By Anshika Shukla

‘When I look in the future, it is so bright, it burns my eyes’- Oprah Winfrey. My version would be, ‘When I look in the future, it is so dark, it ruins my vision’. I can restfully bet, most of us these days discern the same. When I travel backwards through time (3 months, just), I see a peculiar tale of the world, veracities, and myself.

I was in my happy place like most of you when I received notification from my college for delaying of exams due to COVID-19. And this impelled me to comprehend the upcoming crisis (when NM gives you delay, its miracle), for which I was napping. Shortly, I came back home taking the first possible flight from Mumbai.

By the time Janta Curfew happened, I was home. My family was overwhelmed to have me back. Talking about myself, lockdown instigated with the spurt of emotional insecurities. I was fortunate enough to have spent these arduous times with my family but there were (and still are) millions not sure of their next meals. Sometimes, situations get really nasty and surprisingly we have zero control over them.

For me, lockdown began with a relief. Relief of being reunited with my family, relief of sitting in confined four walls where I have a full supply of essentials and luxuries. It all felt like a joyride that isn’t ending soon. Having my family of five, under one roof for this long period was a pleasant dream. As a child, I have always requested my mother to skip office to spend more time with me but it was an obvious foolish request. This lockdown felt like a treasure I was looking for since childhood. I felt complete, glad but also apprehensive. I was anxious about the unknown!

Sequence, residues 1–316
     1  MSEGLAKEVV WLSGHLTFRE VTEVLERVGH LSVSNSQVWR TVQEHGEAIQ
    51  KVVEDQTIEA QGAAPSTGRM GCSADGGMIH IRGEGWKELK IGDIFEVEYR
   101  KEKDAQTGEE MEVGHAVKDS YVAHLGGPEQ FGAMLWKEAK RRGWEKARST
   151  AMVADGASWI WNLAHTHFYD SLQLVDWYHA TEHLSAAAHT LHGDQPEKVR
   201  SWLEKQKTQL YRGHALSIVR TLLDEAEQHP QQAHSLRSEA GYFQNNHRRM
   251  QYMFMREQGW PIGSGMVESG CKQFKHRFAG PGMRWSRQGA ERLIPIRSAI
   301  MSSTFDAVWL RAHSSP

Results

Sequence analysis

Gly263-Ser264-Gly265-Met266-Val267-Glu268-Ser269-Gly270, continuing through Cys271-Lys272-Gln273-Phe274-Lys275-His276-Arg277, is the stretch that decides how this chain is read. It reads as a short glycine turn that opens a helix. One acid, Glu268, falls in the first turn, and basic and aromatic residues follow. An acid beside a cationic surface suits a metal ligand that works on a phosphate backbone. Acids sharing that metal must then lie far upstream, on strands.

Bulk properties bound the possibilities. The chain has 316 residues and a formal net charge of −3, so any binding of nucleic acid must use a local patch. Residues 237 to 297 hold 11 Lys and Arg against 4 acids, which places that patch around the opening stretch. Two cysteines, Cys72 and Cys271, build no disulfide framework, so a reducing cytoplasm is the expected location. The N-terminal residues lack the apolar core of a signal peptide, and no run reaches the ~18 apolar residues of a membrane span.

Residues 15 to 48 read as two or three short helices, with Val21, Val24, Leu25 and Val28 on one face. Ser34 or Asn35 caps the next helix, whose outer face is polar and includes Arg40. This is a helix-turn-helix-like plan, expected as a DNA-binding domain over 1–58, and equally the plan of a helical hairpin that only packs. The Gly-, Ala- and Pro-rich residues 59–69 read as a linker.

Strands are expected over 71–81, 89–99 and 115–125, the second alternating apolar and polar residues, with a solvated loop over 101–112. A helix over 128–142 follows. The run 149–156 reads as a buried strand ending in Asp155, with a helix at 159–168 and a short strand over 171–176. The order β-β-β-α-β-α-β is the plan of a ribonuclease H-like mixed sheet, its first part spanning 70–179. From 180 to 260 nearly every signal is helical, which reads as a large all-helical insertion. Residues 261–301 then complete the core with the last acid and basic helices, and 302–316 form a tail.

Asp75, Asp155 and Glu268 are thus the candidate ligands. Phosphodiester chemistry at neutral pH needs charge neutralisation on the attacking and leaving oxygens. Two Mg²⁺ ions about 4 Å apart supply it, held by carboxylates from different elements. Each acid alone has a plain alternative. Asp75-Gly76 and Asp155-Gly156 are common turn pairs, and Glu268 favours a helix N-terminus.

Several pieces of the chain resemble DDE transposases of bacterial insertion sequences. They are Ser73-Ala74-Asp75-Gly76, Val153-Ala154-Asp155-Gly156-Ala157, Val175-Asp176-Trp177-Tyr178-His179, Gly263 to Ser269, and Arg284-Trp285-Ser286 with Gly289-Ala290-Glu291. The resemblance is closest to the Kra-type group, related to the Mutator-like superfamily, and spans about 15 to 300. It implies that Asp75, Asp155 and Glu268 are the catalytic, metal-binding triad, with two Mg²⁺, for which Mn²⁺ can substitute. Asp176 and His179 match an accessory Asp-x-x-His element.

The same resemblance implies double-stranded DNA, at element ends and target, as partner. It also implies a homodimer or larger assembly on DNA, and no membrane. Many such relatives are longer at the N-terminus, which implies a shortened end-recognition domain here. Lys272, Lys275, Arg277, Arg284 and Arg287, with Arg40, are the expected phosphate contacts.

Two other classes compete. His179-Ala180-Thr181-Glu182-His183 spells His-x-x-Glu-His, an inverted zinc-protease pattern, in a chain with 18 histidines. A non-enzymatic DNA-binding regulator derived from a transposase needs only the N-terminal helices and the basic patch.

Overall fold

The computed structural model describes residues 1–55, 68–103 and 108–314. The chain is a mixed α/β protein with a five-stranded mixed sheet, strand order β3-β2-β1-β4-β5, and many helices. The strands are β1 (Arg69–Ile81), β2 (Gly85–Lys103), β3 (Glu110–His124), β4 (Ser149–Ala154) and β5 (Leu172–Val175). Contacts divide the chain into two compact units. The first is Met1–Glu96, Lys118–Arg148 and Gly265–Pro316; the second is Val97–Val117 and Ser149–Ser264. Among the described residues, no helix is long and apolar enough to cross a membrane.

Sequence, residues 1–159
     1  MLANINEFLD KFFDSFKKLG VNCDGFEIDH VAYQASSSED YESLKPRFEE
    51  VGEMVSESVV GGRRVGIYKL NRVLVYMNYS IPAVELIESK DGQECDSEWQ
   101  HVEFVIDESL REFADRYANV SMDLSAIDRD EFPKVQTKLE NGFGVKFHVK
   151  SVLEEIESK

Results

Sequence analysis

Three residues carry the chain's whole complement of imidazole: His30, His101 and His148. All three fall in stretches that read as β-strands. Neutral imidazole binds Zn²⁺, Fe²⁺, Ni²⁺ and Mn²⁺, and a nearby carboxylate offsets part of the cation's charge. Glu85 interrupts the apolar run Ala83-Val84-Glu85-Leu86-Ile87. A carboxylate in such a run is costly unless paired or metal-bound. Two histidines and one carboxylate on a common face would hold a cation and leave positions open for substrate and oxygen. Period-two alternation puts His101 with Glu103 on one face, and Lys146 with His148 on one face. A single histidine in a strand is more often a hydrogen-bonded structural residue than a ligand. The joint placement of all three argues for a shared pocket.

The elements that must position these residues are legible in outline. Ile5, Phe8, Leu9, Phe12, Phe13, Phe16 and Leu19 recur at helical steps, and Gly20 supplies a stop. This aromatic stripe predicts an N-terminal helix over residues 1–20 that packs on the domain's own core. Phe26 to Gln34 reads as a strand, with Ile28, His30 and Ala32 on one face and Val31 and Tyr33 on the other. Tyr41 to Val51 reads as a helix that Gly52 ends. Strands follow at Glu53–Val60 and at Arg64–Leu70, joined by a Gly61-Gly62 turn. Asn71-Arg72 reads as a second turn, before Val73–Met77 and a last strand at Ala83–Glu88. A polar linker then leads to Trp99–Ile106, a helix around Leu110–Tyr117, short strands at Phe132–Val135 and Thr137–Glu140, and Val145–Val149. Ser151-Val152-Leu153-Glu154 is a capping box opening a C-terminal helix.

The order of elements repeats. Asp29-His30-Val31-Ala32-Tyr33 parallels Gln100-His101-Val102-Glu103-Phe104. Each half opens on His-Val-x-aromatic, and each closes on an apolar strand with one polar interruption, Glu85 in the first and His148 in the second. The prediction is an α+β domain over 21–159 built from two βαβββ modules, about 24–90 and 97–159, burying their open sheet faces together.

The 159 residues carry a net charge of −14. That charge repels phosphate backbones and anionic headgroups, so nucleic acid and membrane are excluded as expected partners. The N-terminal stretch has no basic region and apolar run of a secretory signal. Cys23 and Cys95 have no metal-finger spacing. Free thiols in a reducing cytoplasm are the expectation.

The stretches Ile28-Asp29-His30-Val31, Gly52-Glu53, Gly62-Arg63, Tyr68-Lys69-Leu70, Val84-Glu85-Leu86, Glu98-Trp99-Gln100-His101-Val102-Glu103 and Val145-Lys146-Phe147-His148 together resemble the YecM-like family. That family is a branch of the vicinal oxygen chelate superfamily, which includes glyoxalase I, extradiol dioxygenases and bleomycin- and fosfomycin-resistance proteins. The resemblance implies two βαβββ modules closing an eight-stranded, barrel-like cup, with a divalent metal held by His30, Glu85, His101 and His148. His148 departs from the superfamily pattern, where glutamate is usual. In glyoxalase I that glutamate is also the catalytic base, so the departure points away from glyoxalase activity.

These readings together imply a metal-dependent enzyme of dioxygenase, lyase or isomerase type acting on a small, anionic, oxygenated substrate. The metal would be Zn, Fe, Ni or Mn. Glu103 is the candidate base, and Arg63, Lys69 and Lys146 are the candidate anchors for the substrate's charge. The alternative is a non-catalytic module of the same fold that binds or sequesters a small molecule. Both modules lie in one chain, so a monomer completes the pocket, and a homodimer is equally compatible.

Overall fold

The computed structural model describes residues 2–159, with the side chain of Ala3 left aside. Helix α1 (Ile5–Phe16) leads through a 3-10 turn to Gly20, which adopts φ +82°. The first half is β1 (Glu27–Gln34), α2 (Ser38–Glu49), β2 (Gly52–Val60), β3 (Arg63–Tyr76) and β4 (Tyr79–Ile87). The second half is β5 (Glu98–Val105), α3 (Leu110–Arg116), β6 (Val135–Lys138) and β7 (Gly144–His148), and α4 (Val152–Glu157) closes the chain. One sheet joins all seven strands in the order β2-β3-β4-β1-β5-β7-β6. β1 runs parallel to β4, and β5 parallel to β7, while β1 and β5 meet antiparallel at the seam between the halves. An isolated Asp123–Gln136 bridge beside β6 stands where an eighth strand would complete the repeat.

This lockdown has, of course, brought people closer and stuff but also provided the utmost alleviation to nature, which we humans hysterically failed to. The air of Delhi is cleaner than I ever breathed. The sky was indeed bluer than it was. I behold to the new colors of the sky that were concealed under wraps of black air. The past memory of sparrows and other little creatures chirping in my balcony was of my childhood. The voices of these littles created the echo that will confine in my head forever. Flamingos paid visits to beaches and kangaroos to the households. These were never imagined snapshots of nature that millennials witnessed. Despite the nature tried being the seamless reliever of the ugly crisis, it failed to mollify my unknown anguish. I am an avid admirer of stars and believe in every notion related to them! Guess what, these stars were just a look away. The only relief to my anxiety were these tiny orbs of light and hope.

The lockdown ensured that hundreds of millions of people were well confined to home. While this may have been only answering to wider spread cycles, it has not, perhaps, been conducive to the emotional and mental health of humans. With such jarring shifts in lifestyles and routines, it may come as no surprise that psychological whiplash would trail.